-10

I have noticed that the moderator has deleted the tag I created contribution.

The process was this:

  • She felt the tag is duplicate;
  • She posted a question on Meta to ask about the usefulness of the tag;
  • after less than one day (22 July), without any answers supporting to delete the tag The tag is deleted.

I want to know, how many answers in a delete proposal on meta is required to delete the tag?

I am feeling that the moderator is having wrong adaptation of the site's policies and is imposing her personal desires on new user; which she directly brings the user's problem to meta or chat and after one day, she does every thing she wants. Where is this policy written on help center, I have read the help center triple times and found no sign of such policy and process that described above.

This action is against the following instructions on help center because it was not patient, respectful, did not led by example and more important it was not fair.

When I read the help center for this moderation action,

We generally expect that moderators:
- are patient and fair
- lead by example
- show respect for their fellow community members in their actions and words are open to some light but firm moderation to keep the community on track and resolve (hopefully) uncommon disputes and exceptions

27
  • 5
    In that short time the answer by the same person calling for the deletion received 6 upvotes, which clearly indicates that there were people in agreement. And since it seemed quite clear that people agreed, it is usually a good idea to get rid of the tag before too many questions are tagged with it. – Tobias Kildetoft Jul 22 '14 at 11:48
  • @TobiasKildetoft I have no complaint about why the tag is removed. I am arguing that such rapid actions is never indicated in the help center "as the only reference to site policies"; even, there is no answer supporting the idea of deleting the tag. It is clear that personal preferences are assumed to be the site policy which are completely against the written introductions in Help Center. – enthu Jul 22 '14 at 12:54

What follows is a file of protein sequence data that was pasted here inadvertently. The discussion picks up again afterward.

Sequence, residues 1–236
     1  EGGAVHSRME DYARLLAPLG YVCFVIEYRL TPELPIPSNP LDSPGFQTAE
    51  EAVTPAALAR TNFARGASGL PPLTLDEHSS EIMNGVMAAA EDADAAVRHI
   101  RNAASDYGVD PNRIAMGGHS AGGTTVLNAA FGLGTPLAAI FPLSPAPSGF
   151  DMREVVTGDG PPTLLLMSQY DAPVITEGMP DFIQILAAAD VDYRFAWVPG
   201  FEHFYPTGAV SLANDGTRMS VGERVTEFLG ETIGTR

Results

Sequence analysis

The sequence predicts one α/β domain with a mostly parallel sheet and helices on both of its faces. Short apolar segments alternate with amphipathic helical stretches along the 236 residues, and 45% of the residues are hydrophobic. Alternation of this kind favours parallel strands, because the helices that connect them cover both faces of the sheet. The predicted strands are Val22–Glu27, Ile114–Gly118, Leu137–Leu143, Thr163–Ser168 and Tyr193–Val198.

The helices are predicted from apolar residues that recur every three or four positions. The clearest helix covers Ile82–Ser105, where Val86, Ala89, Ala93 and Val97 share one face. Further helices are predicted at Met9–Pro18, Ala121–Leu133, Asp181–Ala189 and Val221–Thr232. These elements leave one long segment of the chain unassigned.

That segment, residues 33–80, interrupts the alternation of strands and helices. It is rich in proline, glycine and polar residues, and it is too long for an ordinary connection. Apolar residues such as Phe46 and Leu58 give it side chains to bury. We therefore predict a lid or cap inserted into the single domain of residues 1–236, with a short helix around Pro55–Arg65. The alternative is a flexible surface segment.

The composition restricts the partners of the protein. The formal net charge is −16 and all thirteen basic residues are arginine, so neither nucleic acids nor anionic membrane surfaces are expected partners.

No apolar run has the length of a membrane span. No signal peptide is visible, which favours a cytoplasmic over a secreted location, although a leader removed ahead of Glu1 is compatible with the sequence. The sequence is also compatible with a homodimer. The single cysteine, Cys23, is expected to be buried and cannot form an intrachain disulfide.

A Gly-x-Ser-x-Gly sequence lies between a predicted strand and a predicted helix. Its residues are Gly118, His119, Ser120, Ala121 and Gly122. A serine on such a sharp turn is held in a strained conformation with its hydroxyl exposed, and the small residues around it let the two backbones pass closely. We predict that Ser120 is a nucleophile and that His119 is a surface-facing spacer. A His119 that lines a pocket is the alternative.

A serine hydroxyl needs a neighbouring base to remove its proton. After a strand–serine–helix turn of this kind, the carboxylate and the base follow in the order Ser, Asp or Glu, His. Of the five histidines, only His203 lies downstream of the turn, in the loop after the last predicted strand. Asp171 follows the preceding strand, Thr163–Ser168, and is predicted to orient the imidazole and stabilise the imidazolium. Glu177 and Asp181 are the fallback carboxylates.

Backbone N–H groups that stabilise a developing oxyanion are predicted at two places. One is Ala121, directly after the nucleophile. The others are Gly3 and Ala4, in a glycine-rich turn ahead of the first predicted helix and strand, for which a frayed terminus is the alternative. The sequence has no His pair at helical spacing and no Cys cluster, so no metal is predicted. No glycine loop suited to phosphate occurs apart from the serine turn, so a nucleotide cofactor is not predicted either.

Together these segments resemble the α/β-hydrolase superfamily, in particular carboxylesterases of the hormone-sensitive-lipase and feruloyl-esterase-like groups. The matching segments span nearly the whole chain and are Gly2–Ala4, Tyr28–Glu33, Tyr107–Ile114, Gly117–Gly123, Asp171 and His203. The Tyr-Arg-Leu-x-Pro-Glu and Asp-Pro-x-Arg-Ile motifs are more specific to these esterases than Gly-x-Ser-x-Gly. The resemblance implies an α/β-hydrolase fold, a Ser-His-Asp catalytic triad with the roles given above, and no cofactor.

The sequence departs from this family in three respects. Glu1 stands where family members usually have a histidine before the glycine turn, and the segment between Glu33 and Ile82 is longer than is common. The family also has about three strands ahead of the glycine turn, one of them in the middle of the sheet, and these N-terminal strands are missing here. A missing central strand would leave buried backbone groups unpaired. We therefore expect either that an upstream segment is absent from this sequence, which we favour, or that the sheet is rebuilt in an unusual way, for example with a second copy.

• @Parsa: You have said below that you understand why the tag was deleted—because it was a duplicate. If that's the case, then how are "personal preferences" involved? – aeismail Jul 22 '14 at 12:56
  • @aeismail Because I don't find any written instruction to the moderators to quickly do their preferences or whatever they want. It is written in help center that moderators are expected to be patient (as cited above). Do you assume such rapid action a patient one?! I don't think so. – enthu Jul 22 '14 at 13:01
  • 1
    "Patient" does not mean "wait for the community to make up its mind." "Patient" here means something closer to "help users work within the guidelines, even if they keep running afoul of the guidelines." That does not mean, though, that we just leave what we perceive to be in error to stand in the meantime. – aeismail Jul 22 '14 at 16:23
  • If you do not "wait for the community to make up its mind.", bringing what you want to do to the meta to see what community thinks about is useless. – enthu Jul 22 '14 at 16:27
  • 3
    @Parsa historically anything on meta with more than 5 up votes represents a pretty clear consensus. There are not many things that have more than 10 up votes. Waiting longer doesn't seem to provide benefit and if a mod misjudges the community desire, the community can reverse the decision. – StrongBad Jul 22 '14 at 21:01
  • @StrongBad If we refer to help center of site, there is no regulation on deleting tags. There is no defined procedure like "bring it to meta and delete it immediately". – enthu Jul 22 '14 at 21:05
  • 2
    @Parsa: There's a clear strategy for expressing disapproval with an action—you post a question on meta about it, which you've done. You've also seen already that the votes are pretty strongly not in your favor. A moderator not handling things the way you feel they should be done is not a violation of your rights or privileges. – aeismail Jul 22 '14 at 21:29
  • I am feeling that the moderation action towards me is not in the way described in help center: Who are the site moderators, and what is their role here? – enthu Jul 22 '14 at 21:37